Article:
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Why Not Cremation

What are Christians to think of cremation? Based on biblical precedences, history and the practices of anti-Christ and the heathen world, the following is why Christians should not practice cremation:

Let's start with a premise. A man's actions come from his heart (Prov 4:23 - “Keep thy heart with all diligence; for out of it are the issues of life.”), and by nature a man's heart is not only desperately wicked deceitful above all things (Jer 17:9 - “The heart is deceitful above all things, and desperately wicked: who can know it?”). Given this, men cannot be left to decide what truth is and how they run their lives. Therefore, in order to have any truth or guide for how a man lives, there must be a source that is not the man. For the Christian, this is the Bible. It is imperative that the Christian live his life according to the Bible and its precedences.

Thus, letting the Bible be our guide for what we do and don't do in our lives, there is no precedent for cremation in the Bible in a positive way; and in fact, burning of the dead is done typically in negative circumstances. The Bible describes the burning of bodies as the results of condemnation (Josh 7:15, 25 - “15 And it shall be, that he that is taken with the accursed thing shall be burnt with fire, he and all that he hath: because he hath transgressed the covenant of the LORD, and because he hath wrought folly in Israel. 25 And Joshua said, Why hast thou troubled us? the LORD shall trouble thee this day. And all Israel stoned him with stones, and burned them with fire, after they had stoned them with stones.”; 2 Kings 23:19-20 - “19 And all the houses also of the high places that were in the cities of Samaria, which the kings of Israel had made to provoke the Lord to anger, Josiah took away, and did to them according to all the acts that he had done in Bethel. 20 And he slew all the priests of the high places that were there upon the altars, and burned men's bones upon them, and returned to Jerusalem.”). Also, for burning the bones of the king of Edom, the Lord declared punishment for them (Amos 2:1 - “Thus saith the LORD; For three transgressions of Moab, and for four, I will not turn away the punishment thereof; because he burned the bones of the king of Edom into lime:”).

Cremation is typically heathen, a practice of the Romans of history, Hindus and Buddhists. For America (considering from when the Puritans were here), cremation has been adopted only fairly recently, as the first cremation in America took place in 1876; and not surprisingly as it gets farther and farther away from its Christian roots, cremation has since become even more popular over the last 40 years.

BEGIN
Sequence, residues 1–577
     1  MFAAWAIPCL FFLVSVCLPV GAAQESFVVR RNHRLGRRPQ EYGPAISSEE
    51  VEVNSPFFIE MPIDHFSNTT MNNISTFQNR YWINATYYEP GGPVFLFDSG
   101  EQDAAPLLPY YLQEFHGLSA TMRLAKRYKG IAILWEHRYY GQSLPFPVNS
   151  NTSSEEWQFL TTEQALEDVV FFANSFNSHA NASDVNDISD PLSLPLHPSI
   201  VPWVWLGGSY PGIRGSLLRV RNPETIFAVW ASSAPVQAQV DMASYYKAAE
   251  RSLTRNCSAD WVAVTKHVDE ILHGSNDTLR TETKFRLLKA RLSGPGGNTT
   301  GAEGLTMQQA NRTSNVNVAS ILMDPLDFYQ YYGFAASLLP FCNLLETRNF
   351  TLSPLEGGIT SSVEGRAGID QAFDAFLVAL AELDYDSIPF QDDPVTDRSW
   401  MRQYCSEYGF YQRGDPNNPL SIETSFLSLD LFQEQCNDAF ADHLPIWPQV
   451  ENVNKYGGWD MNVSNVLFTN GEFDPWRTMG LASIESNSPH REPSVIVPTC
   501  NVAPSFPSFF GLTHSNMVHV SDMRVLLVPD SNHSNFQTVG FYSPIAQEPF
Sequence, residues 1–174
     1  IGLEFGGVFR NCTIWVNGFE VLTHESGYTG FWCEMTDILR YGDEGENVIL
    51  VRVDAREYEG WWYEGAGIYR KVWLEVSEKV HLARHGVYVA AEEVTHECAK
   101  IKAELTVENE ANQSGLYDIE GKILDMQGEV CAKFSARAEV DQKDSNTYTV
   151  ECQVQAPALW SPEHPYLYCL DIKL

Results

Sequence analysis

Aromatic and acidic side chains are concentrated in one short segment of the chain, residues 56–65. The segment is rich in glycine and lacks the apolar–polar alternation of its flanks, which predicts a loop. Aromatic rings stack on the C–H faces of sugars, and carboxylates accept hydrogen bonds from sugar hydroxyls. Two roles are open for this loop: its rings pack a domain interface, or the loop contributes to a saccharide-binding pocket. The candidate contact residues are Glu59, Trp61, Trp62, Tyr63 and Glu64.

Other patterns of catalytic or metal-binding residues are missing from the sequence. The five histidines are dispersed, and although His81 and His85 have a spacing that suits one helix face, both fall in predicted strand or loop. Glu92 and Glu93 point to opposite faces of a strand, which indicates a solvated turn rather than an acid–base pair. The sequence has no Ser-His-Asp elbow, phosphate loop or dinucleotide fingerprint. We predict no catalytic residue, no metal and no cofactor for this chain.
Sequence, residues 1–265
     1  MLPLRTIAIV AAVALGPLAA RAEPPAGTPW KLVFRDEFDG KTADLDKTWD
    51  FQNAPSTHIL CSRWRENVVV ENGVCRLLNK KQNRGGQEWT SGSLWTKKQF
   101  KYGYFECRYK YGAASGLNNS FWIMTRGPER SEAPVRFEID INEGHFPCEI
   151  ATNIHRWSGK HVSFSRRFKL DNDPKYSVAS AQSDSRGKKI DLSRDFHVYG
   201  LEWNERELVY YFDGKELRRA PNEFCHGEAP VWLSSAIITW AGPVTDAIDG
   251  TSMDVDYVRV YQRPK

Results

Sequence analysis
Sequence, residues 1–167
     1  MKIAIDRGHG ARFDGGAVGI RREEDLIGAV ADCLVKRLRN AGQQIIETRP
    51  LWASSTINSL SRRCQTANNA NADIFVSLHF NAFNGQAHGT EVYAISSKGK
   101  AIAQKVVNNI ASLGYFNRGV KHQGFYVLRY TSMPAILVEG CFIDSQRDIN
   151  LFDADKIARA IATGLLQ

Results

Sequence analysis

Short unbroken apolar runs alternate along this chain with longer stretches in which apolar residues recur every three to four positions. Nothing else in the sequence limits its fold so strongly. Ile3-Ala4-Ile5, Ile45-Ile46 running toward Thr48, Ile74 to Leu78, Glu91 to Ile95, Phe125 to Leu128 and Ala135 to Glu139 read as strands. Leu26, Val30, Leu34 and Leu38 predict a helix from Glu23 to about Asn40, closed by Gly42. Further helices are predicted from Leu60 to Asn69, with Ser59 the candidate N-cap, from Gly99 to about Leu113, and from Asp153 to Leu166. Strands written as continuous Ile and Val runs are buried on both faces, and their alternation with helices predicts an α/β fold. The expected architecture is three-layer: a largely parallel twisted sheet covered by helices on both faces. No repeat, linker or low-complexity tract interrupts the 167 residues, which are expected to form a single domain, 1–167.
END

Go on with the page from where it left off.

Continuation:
The biblical precedent is burial, which is clear throughout the Bible:

Christ also mentions it to one of His “disciples” when telling Him to follow Him: Matt 8:22 - “But Jesus said unto him, Follow me; and let the dead bury their dead.”

How about indirect evidence from the Bible? The Bible is full of types and shadows: persons/things in the carnal realm that represent persons/things in the spiritual realm or persons/things historically future. For example, most Christians know that the commanded ordinance of baptism symbolizes Christ work here on earth. Note that baptism represents Christ's death, burial and resurrection. It would seem contradictory of God to require an ordinance that shadow's His Son's work here on earth, and for us as followers of Him to do otherwise with our own carnal existence (ie. with Christ being buried, and with burial being a part of baptism, we as followers of Christ should be buried when we die). Christ's resurrection from the dead also represents the hope of Christians of their resurrection to be with the Saviour forever. Furthermore and contrarily, it is said that part of the reason the anti-Christ Roman Catholic Church would burn the Protestant martyrs of the faith was in the (false) hopes they would be kept from being able to be resurrected.

And so, as is evident, God's word declares that burial is overwhelmingly the prescribed method of handling the dead, including the examples of God burying one of His (Moses) and the Lord Jesus being buried as well.

Further evidence comes historically from the catacombs in Rome, where the early Christians were buried.

In conclusion, from history and the Bible's explicit evidence, it would seem clear the Christians should not cremate, but should bury their dead.

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